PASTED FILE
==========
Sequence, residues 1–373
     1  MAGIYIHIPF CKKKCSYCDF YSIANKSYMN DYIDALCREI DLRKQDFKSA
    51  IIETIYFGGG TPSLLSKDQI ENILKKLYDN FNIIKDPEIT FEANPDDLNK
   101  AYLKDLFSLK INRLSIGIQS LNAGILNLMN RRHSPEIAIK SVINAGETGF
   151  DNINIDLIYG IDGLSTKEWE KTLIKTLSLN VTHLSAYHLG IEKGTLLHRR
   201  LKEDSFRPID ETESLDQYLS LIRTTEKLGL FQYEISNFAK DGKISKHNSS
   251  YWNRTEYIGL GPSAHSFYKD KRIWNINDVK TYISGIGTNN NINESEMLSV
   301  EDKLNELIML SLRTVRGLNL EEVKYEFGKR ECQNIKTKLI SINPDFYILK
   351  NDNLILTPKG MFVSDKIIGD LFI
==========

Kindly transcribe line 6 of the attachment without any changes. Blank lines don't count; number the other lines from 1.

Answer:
   201  LKEDSFRPID ETESLDQYLS LIRTTEKLGL FQYEISNFAK DGKISKHNSS